The simple tricks of the stage awe an audience of CGI-era children, showing that even something as normal as friendship can be magic.
Working with the First National Congress in 1776: Interview with director-choreographer Jennie Eisenhower, part 2
In this, the second of a two-part interview, we talk to Eisenhower about the history behind 1776: The Musical
1776 will make you laugh, might even make you cry, and will most certainly be more enjoyable than the lectures of your middle school history teachers.
A rocking, irreverent look at the birth of our nation wrought with lively, believable characters.
The story is a little dated, but that is part of its charm, like watching a Norman Rockwell painting come to life.
A curiously performed version of Arthur Kopit’s unnecessary rearranging and cheapening of The Philadelphia Story.
Each year, Philadelphia-based reviewer Neal Zoren announces his choices for the Helen and Morris Zoren Awards for World Theater. A fair number of the picks on Neal’s list are performers and productions from the Philadelphia area.
The elements which displease other writers are what makes this production a success, according to Michael Fisher in review five of the ongoing Critical Mass series.
Jessica Foley gives this week’s critical mass take on MACBETH at the Arden, part of a new review series on Phindie.
Alexander Burns’ production of MACBETH at Arden Theatre Company is energetic and visually engaging, but it lacks ferocity and substance.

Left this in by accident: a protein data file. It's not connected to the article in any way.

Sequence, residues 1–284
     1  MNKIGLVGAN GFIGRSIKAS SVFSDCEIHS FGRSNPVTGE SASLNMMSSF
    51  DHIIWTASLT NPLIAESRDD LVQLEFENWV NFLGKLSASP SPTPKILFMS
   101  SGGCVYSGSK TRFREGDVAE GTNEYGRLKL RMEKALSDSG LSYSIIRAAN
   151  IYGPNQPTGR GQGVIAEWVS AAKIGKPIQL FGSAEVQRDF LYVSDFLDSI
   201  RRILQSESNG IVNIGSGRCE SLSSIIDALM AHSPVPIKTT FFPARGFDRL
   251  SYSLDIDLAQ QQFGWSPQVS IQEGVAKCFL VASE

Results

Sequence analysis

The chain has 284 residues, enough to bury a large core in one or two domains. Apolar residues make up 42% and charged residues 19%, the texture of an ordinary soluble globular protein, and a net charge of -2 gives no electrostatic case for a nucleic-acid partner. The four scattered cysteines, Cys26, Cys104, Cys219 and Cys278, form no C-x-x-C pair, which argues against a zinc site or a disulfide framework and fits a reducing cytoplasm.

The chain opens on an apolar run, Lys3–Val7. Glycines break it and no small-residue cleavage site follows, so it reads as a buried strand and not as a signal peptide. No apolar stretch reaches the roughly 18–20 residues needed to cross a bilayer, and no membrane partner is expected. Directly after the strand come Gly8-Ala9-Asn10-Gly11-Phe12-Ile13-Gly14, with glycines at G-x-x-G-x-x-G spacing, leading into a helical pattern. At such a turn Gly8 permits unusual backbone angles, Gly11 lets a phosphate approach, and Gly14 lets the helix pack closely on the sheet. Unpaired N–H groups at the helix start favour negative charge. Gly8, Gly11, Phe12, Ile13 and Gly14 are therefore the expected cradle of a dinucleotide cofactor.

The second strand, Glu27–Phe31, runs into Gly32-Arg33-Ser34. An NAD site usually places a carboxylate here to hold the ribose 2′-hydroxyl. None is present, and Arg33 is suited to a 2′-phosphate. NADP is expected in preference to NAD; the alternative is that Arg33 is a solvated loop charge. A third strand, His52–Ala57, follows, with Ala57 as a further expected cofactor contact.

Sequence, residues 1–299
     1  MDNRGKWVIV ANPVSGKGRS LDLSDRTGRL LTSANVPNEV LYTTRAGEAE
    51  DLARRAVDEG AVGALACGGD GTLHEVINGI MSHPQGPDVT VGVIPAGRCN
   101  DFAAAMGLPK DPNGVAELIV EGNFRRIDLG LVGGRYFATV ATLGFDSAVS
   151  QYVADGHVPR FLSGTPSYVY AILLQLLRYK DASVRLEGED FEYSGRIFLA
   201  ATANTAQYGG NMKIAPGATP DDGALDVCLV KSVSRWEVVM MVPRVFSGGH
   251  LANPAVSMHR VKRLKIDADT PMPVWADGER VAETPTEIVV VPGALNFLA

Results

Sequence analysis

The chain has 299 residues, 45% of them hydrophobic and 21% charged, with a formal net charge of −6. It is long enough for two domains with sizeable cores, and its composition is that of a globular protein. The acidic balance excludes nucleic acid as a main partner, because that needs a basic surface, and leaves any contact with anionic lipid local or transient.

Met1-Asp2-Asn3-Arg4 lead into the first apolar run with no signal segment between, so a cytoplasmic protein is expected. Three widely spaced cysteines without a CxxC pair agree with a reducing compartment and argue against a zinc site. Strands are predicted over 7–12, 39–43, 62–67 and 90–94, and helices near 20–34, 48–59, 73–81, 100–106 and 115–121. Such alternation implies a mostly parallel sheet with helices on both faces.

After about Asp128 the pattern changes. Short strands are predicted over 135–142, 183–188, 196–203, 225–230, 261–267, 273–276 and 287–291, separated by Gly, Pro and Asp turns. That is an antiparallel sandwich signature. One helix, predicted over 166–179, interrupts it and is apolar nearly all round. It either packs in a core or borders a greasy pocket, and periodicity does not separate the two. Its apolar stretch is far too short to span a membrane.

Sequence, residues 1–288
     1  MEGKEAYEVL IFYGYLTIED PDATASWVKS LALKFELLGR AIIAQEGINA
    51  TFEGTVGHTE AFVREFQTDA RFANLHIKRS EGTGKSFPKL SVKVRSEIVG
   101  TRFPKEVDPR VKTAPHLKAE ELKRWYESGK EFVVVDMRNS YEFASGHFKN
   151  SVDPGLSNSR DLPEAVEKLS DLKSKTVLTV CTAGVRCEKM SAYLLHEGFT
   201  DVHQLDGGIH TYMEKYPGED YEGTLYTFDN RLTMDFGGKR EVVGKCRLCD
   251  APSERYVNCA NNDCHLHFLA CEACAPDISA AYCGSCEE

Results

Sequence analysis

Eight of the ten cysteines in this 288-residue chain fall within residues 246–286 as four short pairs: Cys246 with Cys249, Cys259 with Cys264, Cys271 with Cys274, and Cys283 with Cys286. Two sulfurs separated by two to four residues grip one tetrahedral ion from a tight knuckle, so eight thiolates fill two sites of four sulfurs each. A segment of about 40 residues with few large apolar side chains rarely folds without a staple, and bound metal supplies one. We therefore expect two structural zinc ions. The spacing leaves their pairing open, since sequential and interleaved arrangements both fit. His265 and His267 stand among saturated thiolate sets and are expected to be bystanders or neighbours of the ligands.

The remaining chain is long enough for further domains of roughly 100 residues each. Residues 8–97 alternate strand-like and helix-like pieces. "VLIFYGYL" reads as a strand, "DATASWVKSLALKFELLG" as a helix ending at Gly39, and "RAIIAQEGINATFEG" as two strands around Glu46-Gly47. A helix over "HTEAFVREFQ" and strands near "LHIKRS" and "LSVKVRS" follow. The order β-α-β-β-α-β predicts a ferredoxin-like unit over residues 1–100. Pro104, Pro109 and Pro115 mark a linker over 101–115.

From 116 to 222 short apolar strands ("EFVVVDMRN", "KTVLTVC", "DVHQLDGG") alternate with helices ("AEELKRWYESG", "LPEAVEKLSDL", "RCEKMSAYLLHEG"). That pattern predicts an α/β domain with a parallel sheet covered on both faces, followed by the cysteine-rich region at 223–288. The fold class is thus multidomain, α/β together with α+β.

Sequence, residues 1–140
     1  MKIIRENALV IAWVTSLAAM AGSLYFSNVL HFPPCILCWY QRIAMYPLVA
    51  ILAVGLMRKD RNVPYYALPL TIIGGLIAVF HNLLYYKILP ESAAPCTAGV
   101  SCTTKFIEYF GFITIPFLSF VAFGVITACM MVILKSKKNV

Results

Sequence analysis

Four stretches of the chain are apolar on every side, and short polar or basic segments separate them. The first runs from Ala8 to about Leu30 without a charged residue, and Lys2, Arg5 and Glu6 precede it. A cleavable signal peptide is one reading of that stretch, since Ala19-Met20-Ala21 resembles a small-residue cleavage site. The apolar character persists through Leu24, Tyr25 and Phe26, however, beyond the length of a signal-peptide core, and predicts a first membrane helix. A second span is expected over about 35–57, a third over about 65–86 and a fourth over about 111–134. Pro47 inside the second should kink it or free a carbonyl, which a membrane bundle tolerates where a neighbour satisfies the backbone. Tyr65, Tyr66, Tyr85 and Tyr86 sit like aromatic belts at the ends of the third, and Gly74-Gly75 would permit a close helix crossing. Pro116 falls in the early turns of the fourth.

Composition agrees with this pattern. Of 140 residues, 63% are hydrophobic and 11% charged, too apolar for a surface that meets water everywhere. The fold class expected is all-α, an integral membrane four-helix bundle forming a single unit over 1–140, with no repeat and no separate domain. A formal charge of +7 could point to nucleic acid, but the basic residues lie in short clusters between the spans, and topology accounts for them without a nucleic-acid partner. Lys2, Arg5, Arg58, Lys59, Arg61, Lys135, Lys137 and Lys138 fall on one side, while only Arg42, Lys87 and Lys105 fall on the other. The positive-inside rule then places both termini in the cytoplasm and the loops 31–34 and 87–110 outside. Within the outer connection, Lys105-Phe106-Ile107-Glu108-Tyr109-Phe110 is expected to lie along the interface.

Burns maintains the energy and pacing of his best work for Quintessence and takes full advantage of the Arden’s high production values to create an exuberant and understandable version of Shakespeare’s masterpiece.
It may be daunting for theaters to produce the original theatrical source for a well-regarded movie, but Lantern Theater Company’s DOUBT shows why some plays are worth reclaiming for the stage.
Each January, local critic Neil Zoren announces his favorite production, direction, and male and female actor and male and female supporting actor for the previous calendar year.
Sharp performances keep 9 TO 5 so consistently entertaining it masks a contrived plot and mediocre music and lyrics.
HERRINGBONE (Flashpoint Theatre Company): A remarkably strange solo musical, about a boy … with a problem
This mighty peculiar story opens with a grown up George looking back at 1929 and singing, “Did ya ever have one of those years?” His parents have one foot in the poorhouse, as their only prosperous relative has just stinted them in his will. When eight-year-old George has the chance to take performance lessons from the surviving member of an old vaudeville act, he shows inexplicable ability beyond his years. Parental hopes for financial resurrection ride on little George singing and dancing his way to Hollywood.
The historic Walnut Street Theatre celebrates two milestones with its mainstage presentation of ARSENIC AND OLD LACE, written by New York playwright Joseph Kesselring in 1939: the play’s 75th anniversary and its own 205th landmark season. Directed by Charles Abbott, the Walnut Street’s crackerjack production (in association with Fulton Theatre in Lancaster, PA) whips up the perfect concoction of murder, mayhem, and misplaced “mercy,” topped with a large dollop of macabre madness, in this delectable recipe for hilarity.
Set in Georgia between 1913 and 1915, PARADE examines the true story of Leo Frank, a transplanted Brooklyn-bred Jew accused of killing a thirteen-year-old girl in the Atlanta pencil factory…